There is one thing that I've noticed over the years that DOES make a difference, and it has nothing to do with technology, and doesn't cost a penny. Groups tend to go in to a site like gangbusters (or like "Ghost Adventures"...those guys are complete idiots and do everything wrong). You should go it with as little fuss as possible, be respectful, introduce yourself to the spirit(s), ask their permission, and only then start the investigation. Look at it his way; would you cooperate with a group of rude, obnoxious, disrespectful people invading your space? This is especially true if you're dealing with a haunting from a different era; being polite, respectful and having good social manners was very importand in years past (and should be today). It helps to give them a brief description of the equipment (in terms as simple as possible) and what you're trying to accomplish. Invite them to participate.
Try this instead of throwing money at the latest sexy gadget. You and your group will have more money in your pocket and much better results.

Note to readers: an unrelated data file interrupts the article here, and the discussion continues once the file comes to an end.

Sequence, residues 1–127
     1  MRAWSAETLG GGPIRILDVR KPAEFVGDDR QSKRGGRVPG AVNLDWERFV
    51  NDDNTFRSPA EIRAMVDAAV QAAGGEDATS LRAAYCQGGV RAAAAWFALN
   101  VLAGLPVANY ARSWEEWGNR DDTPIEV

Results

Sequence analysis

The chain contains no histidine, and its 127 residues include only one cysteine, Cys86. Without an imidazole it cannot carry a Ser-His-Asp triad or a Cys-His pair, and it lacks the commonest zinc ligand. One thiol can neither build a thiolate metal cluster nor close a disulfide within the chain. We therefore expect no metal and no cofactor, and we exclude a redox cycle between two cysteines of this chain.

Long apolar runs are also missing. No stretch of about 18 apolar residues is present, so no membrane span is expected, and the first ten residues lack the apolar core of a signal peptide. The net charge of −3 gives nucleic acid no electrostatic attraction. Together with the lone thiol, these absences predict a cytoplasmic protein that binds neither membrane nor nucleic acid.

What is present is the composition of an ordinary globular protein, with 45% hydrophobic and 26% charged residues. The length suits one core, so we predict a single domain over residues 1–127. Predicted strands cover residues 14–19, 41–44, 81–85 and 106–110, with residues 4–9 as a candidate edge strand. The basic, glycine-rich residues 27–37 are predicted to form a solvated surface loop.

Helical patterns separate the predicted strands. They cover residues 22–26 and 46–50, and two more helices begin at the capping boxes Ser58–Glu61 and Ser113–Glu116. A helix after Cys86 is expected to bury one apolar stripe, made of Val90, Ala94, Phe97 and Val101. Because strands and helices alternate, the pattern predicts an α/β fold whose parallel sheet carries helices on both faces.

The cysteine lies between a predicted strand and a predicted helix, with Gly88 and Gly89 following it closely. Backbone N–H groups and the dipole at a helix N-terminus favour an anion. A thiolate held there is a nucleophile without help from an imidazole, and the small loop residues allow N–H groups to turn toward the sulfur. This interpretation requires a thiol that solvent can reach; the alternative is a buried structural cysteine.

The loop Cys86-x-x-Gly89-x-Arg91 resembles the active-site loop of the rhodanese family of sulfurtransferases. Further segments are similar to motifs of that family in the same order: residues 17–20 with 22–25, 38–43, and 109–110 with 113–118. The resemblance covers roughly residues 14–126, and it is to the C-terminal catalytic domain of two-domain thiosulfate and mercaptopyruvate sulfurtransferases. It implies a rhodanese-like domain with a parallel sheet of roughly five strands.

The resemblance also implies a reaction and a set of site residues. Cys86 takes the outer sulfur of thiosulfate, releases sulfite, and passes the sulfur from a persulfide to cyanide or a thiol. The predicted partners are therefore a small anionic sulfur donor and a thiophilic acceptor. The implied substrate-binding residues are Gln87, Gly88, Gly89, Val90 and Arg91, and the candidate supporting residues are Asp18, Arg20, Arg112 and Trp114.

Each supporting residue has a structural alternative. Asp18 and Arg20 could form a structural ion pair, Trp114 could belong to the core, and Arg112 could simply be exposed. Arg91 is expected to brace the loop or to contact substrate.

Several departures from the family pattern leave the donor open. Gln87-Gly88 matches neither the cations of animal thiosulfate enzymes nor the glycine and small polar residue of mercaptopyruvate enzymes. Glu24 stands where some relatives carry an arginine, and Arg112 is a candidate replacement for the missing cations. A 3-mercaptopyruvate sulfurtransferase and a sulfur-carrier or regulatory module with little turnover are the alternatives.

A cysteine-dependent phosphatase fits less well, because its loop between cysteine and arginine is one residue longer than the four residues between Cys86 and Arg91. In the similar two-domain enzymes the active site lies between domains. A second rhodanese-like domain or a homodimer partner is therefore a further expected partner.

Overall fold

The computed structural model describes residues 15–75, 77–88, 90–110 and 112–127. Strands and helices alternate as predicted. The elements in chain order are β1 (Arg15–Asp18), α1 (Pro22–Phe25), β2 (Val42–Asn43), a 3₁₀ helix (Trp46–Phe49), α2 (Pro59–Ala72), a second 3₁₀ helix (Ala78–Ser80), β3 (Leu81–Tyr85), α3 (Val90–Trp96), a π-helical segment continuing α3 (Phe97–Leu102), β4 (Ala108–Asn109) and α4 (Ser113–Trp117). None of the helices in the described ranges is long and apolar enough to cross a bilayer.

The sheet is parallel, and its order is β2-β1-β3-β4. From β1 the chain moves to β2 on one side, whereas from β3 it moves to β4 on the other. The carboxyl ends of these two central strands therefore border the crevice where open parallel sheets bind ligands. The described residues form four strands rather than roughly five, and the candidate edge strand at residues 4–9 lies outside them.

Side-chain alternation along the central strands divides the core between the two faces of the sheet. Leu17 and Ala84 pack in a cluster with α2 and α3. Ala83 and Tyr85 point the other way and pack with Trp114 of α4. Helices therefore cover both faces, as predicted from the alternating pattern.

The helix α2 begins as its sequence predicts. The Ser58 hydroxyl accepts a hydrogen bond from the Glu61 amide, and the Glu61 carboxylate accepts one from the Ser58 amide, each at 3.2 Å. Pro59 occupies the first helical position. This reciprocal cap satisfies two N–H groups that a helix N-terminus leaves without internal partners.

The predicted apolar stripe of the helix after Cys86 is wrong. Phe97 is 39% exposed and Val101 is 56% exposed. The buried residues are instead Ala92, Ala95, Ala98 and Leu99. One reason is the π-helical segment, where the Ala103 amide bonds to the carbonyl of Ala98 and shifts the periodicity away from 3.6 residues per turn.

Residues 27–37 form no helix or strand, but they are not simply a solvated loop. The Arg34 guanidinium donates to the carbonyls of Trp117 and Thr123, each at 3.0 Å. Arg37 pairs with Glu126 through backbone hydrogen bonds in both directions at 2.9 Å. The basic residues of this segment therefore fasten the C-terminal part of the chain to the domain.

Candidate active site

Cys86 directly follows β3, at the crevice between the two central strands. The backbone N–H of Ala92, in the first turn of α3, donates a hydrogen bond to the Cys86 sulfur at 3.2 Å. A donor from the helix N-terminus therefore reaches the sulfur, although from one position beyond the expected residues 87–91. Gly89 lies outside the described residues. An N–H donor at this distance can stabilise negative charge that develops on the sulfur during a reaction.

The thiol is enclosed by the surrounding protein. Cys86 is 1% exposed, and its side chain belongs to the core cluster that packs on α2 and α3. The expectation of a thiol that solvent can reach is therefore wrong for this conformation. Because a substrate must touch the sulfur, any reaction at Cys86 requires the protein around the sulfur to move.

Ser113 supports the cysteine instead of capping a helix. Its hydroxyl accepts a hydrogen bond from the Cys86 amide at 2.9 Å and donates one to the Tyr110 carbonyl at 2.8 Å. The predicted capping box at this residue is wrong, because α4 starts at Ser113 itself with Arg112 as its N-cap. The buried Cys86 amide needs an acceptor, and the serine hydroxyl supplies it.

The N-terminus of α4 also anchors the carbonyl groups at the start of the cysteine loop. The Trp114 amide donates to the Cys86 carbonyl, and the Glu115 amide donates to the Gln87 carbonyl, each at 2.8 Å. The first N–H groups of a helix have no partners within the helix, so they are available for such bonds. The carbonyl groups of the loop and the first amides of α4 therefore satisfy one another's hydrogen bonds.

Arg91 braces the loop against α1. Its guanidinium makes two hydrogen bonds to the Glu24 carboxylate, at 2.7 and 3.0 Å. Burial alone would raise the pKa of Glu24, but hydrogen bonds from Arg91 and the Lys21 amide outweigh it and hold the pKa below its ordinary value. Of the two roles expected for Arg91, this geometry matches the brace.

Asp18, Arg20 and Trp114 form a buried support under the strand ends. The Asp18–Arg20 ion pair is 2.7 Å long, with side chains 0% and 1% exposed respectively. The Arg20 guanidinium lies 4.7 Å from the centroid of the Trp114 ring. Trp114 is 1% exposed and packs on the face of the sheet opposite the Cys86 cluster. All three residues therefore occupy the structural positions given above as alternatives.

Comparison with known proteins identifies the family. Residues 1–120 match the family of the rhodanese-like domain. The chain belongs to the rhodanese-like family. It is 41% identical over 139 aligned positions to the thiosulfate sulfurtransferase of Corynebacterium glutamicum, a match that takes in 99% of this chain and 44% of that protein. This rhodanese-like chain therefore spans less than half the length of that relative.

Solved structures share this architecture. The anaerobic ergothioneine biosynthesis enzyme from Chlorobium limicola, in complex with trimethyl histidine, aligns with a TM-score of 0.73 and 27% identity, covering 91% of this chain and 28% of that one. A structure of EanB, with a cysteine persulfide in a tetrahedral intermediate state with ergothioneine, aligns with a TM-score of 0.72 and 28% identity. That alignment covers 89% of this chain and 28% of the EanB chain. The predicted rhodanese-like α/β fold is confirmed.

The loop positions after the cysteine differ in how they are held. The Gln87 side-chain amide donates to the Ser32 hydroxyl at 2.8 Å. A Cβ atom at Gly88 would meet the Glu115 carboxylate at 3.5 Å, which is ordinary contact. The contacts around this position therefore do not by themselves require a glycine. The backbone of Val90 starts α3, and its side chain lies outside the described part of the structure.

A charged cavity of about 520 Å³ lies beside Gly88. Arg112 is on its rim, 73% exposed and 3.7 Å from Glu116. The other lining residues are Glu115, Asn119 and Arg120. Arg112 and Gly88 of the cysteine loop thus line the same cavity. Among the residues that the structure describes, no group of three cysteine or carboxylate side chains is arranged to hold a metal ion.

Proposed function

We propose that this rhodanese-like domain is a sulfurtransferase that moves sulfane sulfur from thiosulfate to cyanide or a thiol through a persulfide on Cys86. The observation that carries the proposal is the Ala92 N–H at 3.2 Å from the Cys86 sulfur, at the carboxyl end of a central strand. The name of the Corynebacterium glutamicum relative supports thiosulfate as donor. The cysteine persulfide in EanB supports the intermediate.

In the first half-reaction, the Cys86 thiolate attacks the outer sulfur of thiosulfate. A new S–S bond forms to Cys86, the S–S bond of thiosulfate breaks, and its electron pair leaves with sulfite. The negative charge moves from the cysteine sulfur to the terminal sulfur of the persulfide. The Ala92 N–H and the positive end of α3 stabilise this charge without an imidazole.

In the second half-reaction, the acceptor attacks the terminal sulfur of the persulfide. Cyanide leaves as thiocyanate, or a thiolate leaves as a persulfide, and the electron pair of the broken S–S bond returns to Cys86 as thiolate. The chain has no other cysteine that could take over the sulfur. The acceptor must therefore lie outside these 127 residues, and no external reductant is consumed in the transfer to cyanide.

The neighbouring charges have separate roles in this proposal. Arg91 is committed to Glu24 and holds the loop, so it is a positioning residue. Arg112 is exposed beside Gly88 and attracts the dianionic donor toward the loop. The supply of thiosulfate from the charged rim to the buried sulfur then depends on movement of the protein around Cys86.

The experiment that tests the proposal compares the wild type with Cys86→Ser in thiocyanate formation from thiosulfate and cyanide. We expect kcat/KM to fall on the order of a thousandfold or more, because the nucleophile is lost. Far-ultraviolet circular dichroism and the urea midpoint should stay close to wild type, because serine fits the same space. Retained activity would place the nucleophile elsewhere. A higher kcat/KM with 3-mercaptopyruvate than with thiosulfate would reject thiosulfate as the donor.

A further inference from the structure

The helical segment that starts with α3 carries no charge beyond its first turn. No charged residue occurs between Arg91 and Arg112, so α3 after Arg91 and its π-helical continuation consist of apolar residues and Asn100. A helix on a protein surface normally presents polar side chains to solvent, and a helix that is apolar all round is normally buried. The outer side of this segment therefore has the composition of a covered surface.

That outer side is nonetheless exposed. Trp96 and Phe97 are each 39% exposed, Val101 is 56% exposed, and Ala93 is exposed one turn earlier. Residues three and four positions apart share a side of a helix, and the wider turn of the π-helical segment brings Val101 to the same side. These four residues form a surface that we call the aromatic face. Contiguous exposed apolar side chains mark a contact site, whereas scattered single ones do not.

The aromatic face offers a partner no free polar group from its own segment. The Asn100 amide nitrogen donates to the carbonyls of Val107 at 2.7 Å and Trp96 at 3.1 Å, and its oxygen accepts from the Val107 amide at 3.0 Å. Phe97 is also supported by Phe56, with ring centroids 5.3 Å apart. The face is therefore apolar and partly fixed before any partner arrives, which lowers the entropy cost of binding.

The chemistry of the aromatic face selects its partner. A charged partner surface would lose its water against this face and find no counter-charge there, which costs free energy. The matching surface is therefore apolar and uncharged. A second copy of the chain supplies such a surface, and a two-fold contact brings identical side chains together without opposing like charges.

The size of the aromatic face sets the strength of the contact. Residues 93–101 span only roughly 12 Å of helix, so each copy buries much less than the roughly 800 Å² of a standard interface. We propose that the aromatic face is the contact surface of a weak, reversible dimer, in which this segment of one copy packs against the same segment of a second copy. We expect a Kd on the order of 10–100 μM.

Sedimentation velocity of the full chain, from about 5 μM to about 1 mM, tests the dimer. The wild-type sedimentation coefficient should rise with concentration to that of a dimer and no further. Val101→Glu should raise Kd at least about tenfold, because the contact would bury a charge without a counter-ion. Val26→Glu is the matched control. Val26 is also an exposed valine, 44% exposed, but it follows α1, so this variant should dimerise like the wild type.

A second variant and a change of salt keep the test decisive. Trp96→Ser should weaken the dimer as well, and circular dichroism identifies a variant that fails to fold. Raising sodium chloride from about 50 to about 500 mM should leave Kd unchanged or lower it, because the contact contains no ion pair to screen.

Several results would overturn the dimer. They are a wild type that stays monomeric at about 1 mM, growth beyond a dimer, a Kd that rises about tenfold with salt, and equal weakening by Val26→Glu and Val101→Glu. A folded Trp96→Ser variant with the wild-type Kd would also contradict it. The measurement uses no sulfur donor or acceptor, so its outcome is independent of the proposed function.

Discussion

Posted 15 June 2010 - 12:21 PM
Barry said he had a couple guys work on the camera. I can't remember the component added, but it's difficult and apparently they wrecked some $600 cameras in the process. He mentioned that they are looking into importing the cameras but cant due to US law.
Considering spilling glass making secrets could get you tried for treason until the 1960's, it is possible. On a side note, the FS camera made an annoying blinking that was picked up by the IR on our camcorder.
I just watched an episode of GH the other day and Britt one of the GHI investigators was using this camera. He said that they installed a new chipset. But that the information he gave.
Posted 19 June 2010 - 12:51 PM
If one is using a Full Spectrum camera, you should be shooting in an ambient light environment. You should NOT be lighting either with IR or UV. The reason is that the IR and even more important, the UV spectrum is easily flooded by any other lighting irrespective of its spectrum. Lighting with UV to capture something that is naturally UV emissive will actually mask it. The same is true of IR. Even worse, IR light can destroy UV images whether the light reflects or originates from a natural source. For these reasons, you want to avoid lighting the scene, especially using IR lights. In theory you should see nothing in the UV spectrum with a Full Spectrum camera should you do so IF you are looking for UV emissions.